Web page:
Saturday, July 26, 2008

Protect Yourself From Identity Theft

What Is Identity Theft?: Identity theft occurs when a criminal uses a person's identification information and pretends to be that person. Identity thieves use that information to make withdrawals from the victim's bank accounts, to apply for credit cards in the victim's name, and to apply for credit to buy cars, furniture, electronics, and other items. Identity thieves may also use other people's personal information to get a driver's license and Social Security card. This makes it easier for them to cash checks, charge credit cards, and hide from the law.

How Identity Thieves Operate: There are a number of ways that a criminal can get enough information to carry out the crimes mentioned above. They can go through the victim's garbage and get information there. They can get into the victim's mailbox to steal credit card and bank statements. They can pose as the victim's bank or creditors and call to ask for personal information to "update their files". They can pose as telemarketers or charity fundraisers to get your credit card number or bank account number. These bogus telemarketers and fundraisers also ask for their victim's social security number and say they need it for "verification purposes". Identity thieves sometimes pose as employers or landlords to get a copy of your credit report. Some theft rings pay dishonest employees at restaurants, stores, etc. for personal information on their customers.

How To Prevent Identity Theft: While it is impossible to be 100% safe from identity theft, there are a number of ways to greatly reduce your risk of becoming a victim.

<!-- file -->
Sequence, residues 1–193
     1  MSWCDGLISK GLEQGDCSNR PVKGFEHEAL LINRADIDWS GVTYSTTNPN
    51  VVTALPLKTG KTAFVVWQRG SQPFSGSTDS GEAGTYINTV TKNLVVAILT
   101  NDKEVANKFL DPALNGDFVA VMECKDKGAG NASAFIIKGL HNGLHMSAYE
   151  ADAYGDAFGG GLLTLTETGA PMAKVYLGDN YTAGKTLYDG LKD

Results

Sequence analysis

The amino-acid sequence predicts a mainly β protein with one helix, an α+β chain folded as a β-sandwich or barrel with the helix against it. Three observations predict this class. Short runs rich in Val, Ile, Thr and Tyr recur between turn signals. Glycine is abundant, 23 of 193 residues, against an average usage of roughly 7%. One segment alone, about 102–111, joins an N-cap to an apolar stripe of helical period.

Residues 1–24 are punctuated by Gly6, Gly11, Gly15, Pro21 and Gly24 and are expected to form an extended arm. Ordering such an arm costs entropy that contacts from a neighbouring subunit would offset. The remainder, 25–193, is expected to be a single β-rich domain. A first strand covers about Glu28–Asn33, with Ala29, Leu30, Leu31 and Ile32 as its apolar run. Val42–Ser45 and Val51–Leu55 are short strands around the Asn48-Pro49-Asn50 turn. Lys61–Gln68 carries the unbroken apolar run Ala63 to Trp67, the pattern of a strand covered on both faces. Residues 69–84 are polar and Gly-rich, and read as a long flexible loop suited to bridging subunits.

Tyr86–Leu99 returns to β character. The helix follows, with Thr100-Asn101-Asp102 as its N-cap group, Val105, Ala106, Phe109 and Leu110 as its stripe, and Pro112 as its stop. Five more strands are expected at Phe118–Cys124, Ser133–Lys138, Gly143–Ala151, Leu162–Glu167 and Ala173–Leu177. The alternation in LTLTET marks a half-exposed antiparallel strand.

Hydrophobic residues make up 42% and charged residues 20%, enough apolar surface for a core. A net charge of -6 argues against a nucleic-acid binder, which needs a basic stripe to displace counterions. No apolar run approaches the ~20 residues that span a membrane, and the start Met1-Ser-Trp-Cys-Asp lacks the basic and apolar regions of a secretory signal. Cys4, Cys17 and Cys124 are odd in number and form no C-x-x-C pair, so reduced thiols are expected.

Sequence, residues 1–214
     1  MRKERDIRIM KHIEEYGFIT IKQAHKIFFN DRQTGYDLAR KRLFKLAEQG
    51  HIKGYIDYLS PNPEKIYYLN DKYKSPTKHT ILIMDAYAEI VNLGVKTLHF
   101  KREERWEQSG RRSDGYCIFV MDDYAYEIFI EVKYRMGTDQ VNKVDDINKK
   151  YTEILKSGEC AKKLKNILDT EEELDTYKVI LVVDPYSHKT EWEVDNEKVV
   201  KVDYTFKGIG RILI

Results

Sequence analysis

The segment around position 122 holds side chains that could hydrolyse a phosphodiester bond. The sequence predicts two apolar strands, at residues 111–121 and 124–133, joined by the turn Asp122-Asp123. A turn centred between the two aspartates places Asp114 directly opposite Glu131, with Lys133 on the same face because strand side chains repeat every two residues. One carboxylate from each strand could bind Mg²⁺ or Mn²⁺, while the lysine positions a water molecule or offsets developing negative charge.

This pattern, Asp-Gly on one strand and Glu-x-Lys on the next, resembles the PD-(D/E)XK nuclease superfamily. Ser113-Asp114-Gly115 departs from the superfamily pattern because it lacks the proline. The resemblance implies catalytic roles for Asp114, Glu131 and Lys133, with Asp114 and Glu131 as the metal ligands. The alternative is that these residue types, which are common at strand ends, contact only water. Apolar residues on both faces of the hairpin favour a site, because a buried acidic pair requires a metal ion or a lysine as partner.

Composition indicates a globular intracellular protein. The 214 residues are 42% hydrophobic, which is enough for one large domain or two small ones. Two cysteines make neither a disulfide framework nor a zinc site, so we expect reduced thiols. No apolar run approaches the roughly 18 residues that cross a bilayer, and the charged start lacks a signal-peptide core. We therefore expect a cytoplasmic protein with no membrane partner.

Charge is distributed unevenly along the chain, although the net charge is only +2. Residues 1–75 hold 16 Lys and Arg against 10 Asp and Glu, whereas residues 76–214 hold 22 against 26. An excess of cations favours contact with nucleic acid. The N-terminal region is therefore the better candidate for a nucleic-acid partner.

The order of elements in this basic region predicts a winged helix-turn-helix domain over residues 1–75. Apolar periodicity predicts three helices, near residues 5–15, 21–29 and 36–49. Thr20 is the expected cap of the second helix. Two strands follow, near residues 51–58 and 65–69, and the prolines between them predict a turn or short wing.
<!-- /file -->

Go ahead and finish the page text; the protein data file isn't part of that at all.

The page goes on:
1) Shred or tear all documents with personal information before throwing them away.

2) Bring all outgoing mail to the post office.

3) Make sure there is a lock on your mailbox.

4) Never give personal information to a stranger on an incoming telephone call.

5) Use your check cards as ATM instead of credit because the store employees won't have access to your information and there is less paper floating around.

6) Check your credit report on a regular basis (Every 6 months or every year). Check for transactions you did not initiate and monitor who has ordered your credit report. If your credit report has been ordered by "you", but you didn't order it, then someone is probably trying to steal your identity.

What To Do If You Are An Identity Theft Victim: Contact all of your creditors immediately and ask them to call you before authorizing any changes to your account. This way, the identity thief won't be able to order checks, charge your credit card, change your address, etc. Also, contact the fraud unit of the three major credit reporting agencies and ask them to place a fraud alert in your credit file. Ask them to include a statement to creditors asking them not to open new accounts or change existing accounts without calling you to verify that you initiated the transaction. If you discover that your identity has been stolen, you should file a police report in addition to taking the steps mentioned above.

1 comment:

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